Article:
Saul spent several days with the disciples in Damascus. At once he began to preach in the synagogues that Jesus is the Son of God. All those who heard him were astonished and asked, "Isn't he the man who raised havoc in Jerusalem among those who call on this name? And hasn't he come here to take them as prisoners to the chief priests?" Yet Saul grew more and more powerful and baffled the Jews living in Damascus by proving that Jesus is the Christ..
After many days had gone by, the Jews conspired to kill him, but Saul learned of their plan. Day and night they kept close watch on the city gates in order to kill him. But his followers took him by night and lowered him in a basket through an opening in the wall.
Paul himself recalls this adventure in his second letter to the Corinthians:
In Damascus the governor under King Aretas had the city of the Damascenes guarded in order to arrest me. But I was lowered in a basket from a window in the wall and slipped through his hands.
(2 Cor 11:32-33)
Local tradition adds that Paul was enabled to escape by the help of a Roman guard of Ethiopian origin, who was later condemned to death for this reason.
A window beside the south-eastern gate of Bab Kissan has been venerated as the spot where Paul made his daring escape. This gate has been sealed and restored several times. In 1885, a disused mosque and surrounding land near Bab Kissan was purchased by the Melkite (Greek Catholic) Patriarch, Gregory Joseph. On this land a chapel dedicated to St Paul was erected, whose walls incorporate traces of the ancient gate and a small section of the wall.
It took us three attempts to find the spot of Paul’s dramatic escape, so the eventual success was appreciated all the more.
After we came back to Straight Street from visiting the house of St Ananias, we continued in a westerly direction along Straight Street, looking out for Al Abbarah Street on our left. Some of the streets had names in Arabic, some in English, and some had no names at all. Very few streets on our trusty map were named, so we expected that Al Abbarah would be a major street – perhaps even wide enough for a car – but after walking for some time, we concluded we had come too far, and must have missed it, so we went and had lunch.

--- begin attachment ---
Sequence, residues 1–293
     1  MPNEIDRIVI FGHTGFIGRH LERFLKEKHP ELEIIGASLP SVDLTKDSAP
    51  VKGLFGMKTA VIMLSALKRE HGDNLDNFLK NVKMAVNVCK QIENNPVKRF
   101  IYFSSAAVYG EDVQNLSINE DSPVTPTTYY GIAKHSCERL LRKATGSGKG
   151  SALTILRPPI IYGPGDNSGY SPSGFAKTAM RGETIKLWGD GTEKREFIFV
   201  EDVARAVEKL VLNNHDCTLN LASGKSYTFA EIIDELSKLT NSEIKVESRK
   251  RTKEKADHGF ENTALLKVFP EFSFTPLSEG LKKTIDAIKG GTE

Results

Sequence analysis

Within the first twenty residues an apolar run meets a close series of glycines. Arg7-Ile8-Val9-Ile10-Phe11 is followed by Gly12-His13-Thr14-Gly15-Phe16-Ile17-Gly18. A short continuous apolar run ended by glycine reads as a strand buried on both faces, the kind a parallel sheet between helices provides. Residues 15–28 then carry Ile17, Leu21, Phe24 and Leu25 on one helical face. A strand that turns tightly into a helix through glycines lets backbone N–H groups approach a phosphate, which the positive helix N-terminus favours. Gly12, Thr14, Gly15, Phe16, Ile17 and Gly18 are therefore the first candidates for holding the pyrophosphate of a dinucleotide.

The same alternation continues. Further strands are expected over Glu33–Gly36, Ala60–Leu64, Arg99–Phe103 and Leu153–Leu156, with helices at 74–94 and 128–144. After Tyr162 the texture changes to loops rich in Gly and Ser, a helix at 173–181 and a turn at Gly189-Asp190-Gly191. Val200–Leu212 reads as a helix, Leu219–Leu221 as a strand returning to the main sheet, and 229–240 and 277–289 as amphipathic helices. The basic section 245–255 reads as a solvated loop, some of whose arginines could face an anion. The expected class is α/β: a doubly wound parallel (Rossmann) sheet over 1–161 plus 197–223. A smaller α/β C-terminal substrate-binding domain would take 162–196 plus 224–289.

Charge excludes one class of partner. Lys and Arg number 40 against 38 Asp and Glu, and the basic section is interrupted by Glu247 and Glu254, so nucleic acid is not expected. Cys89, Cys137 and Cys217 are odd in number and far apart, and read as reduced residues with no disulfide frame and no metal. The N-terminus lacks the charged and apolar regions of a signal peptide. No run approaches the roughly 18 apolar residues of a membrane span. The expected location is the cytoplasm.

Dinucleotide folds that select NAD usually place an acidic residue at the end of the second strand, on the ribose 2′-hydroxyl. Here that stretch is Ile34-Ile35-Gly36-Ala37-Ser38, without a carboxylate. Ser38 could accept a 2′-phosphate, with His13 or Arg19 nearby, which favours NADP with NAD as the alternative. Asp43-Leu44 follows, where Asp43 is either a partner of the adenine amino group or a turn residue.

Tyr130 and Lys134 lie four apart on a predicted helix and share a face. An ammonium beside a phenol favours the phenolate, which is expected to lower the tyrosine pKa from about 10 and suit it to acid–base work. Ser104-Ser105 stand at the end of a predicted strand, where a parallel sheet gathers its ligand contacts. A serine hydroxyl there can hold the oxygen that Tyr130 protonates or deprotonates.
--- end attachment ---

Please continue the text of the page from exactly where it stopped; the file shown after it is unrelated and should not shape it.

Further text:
Retracing our steps (after a magnificent lunch), we discovered the unmarked Al Abbarah Street by a process of elimination. I had even previously taken a picture of the restaurant on the corner of Straight Street and Al Abbarah Street.
This is Al Abbarah "Street". Can you see why we missed it?
Pat goes boldly along Al Abbarah Street.
We've found it! (Or have we?)
Can you blame us for thinking we'd arrived, when we saw this plaque on the wall.
We went through the open doorway, which led into a little garden. We met a lady coming out, and asked her the way to the church.
"Oh no, this isn't the church" she said. "This is my house."
"Then where is the church?" we asked timidly.
"Oh, you must go that way" she replied, waving vaguely in a direction outside the door.
We followed the direction of her waving, but found nothing but a maze of alleyways. So not wanting to miss "Happy Hour" at our hotel, gave up for the day.
Having come so close, I was quite determined to find the spot where St Paul had embarked on his basket adventure. Next morning, we visited the wonderful Damascus museum, set in a farytale garden, and then the Al-Takieh Al-Suleimaniyeh mosque and craft market. After this (I think it was the shopping) Pat wanted to go back to the hotel for a swim and a sleep, but I still had some unfinished business concerning St Paul.....
Apart from crossing the streets, we found Damascus a very safe place. The many stall holders were friendly and encouraging, but not aggressive or persistent. So we were both happy for me to go back to Old Damascus on my own in search of St Paul. It was about a 30 minute walk to Old Damascus, then I made my way through the colourful Souq Hamidiyeh and along Straight Street to the narrow Al Abbarah Street to the plaque which seductively promised the church of St Paul, but didn't deliver.
From here, I'll use some material from my blog Damascus on my own - the keys to the city posted on 16.05.10 at http://jemamum.blogspot.com/2010/05/damascus-on-my-own-keys-to-city.html so if you've read that blog, you can skip the next bit.